Last May I told you about an “Encyclopedia of Theater” that was interesting but not very useful as a reference work. Well, I’ve found a useful volume to fill the need. In fact, two volumes filled with easy to find entries for the words/titles/names a theatre lover needs to check from time to time.
Robert Blumenfeld’s “Dictionary of Musical Theater” is a treasure trove of information on a broad range of theatrical genres that tell their stories at least in part through music. He defines the area as “Opera, Operetta and Musical Comedy.” He doesn’t include non-lyric forms of ballet or modern dance, but he does define many terms from those worlds because of their relevance to the his defined area of “Musical Theater.” He also does not include information on movie musicals except when discussing musicals that are based on or have been made into films.
Thousands of entries cover the topic alphabetically from ABBA to Zarzuella and a bit beyond. For the record: ABBA is the “Swedish rock band” on whose songs the jukebox musical Mamma Mia! is based and Zarzuella is “the musically and dramatically sophisticated Spanish form of operetta or comic opera.”
The book is particularly useful for its definition of a great number of foreign words or phrases that have become part of the jargon of either music or theater. Barcarole (“originally a boatman’s song”), couplet (“a set of two rhymed lines”), fourth position (“in dance, the placement of the feet so that one is in front of the other, a foot’s length apart and more or less open, i.e., crossed or in a more parallel line”), jitterbug (“a kind of swing dance, originating in the 1930s; the partners hold one or both hands briefly, often letting go while swinging away from and then toward each other, in time to a lively jazz beat”) and pastiche (“a piece in imitation of some work or style”) are all words that a theatre lover may come across from time to time and find it useful to check the meaning.
The book is really valuable in collaboration with last year’s “Blumenfeld’s Dictionary of Acting and Show Business.” That volume was more concerned with the jargon of those working in the business, but so many of those terms creep into our conversations on theatrical subjects that we all need a handy reference. That volume doesn’t cover plays, people or places so much as it digs into the technical terms and slang of the field. Of the 212 entries beginning with the letter “b” only 6 are biographical entries while, in the Musical Theater volume, of 183 entries beginning with “b” there are 45 biographical notes. All together, the “Dictionary of Acting and Show Business” has 320 pages of definitions and the cover blurb claims that there are “over 4,000 definitions.” Since the “Musical Theater” volume has nearly 360 pages of definitions, I think it is safe to say that together there must be over 8,000 terms defined.
Here you can find that “alarums and excursions” is an Elizabethan stage direction where alarums are “offstage sounds of trumpet fanfares, drums and shouts calling to arms” while excursions are “choreographed movement of soldiers.” You can check to see that “nut” is “the minimum cost of running a show” or look up the elements that make up the kabuki style. And, yes, you can make sure that “phone it in” does, in fact, mean what you always thought it meant.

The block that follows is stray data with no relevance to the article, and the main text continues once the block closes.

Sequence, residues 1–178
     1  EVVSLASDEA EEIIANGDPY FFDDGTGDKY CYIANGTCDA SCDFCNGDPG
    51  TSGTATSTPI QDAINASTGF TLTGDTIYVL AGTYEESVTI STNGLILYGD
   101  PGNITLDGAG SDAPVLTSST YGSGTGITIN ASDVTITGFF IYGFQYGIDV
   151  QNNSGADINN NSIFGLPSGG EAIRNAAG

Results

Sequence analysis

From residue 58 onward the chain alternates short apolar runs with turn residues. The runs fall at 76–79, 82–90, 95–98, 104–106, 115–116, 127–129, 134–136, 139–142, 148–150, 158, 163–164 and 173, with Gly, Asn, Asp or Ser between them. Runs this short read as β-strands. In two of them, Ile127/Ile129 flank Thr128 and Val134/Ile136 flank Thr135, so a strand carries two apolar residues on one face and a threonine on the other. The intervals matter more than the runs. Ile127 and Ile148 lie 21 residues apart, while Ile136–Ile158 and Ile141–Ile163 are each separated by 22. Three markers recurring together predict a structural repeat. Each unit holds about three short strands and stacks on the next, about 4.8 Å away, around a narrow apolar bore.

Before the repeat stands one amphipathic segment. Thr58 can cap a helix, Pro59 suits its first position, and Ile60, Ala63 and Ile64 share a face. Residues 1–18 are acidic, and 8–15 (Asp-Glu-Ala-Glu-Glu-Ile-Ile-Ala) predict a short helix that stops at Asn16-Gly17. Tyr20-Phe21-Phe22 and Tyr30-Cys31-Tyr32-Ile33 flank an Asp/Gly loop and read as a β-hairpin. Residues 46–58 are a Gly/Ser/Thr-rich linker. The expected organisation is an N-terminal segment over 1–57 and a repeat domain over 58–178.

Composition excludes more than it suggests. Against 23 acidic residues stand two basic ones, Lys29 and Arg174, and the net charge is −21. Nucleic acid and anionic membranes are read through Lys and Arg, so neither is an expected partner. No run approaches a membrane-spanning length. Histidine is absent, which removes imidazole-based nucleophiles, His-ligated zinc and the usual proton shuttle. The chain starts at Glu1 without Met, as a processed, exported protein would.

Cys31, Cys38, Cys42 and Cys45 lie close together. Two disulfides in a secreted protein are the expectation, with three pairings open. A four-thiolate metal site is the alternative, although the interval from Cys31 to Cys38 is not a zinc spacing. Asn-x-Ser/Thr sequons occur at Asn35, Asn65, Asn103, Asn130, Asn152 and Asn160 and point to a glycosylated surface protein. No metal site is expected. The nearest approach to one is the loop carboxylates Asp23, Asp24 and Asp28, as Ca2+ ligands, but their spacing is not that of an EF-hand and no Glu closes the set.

While he doesn’t let his personal opinions distort his definitions or references, Blumenfeld doesn’t try to hide his personal views. When he liked a show or a score you can tell. Apparently, he really liked In the Heights because he says “The compelling Latin rhythms and harmonic variations of the brilliant score for this show … perfectly and joyously tell the story…”
Alternatively, his scorn can scorch: The Black Crook, he writes, “boasts the lamest lyrics and one of the worst written, most stilted, stupidest books ever penned for a musical.”
Still, he devotes almost two pages to it, the longest single entry in either volume, longer than those for Show Boat, Oklahoma! or My Fair Lady. It is an entry that is worth reading before the premiere of the new musical Wheatley’s Folly at Signature Theatre in Virginia next year because it is based on the story of that landmark show’s creation.
Blumenfeld also feels free to add an interesting side note when he has something that doesn’t quite fit but he wants to share. To his fairly dry (and fair) entry on The Phantom of the Opera he offhandedly mentions: “Incidentally, none of the versions of this much adapted novel is particularly faithful to the book, which is very much worth reading.” In this judgement, I happen to agree.
Whenever an author tries to be the definitive authority on thousands of individual items, a few questionable judgements are bound to slip through. I, for one, don’t quite understand why he has an entry on Sir Andrew Lloyd Webber and one on Sir Elton John but his entry on Tim Rice neglects to use the title to which Queen Elizabeth’s knighting in 1994 entitles him.
Why, I wonder, is there an entry for Nick Blaemire based on his work on the one-performance flop Glory Days but not one for his book writer, James Gardiner. Why David Henry Hwang makes the cut on the basis of Aida and the lamentable rework of Flower Drum Song but Joe DiPietro doesn’t, despite his credits for I Love You, You’re Perfect, Now Change, All Shook Up and the re-write of Allegro, or even Memphis, for which he won this year’s Tony.
The two volumes, taken together, constitute a formidable resource. They are instantaneously receiving space on my desk’s reference shelf.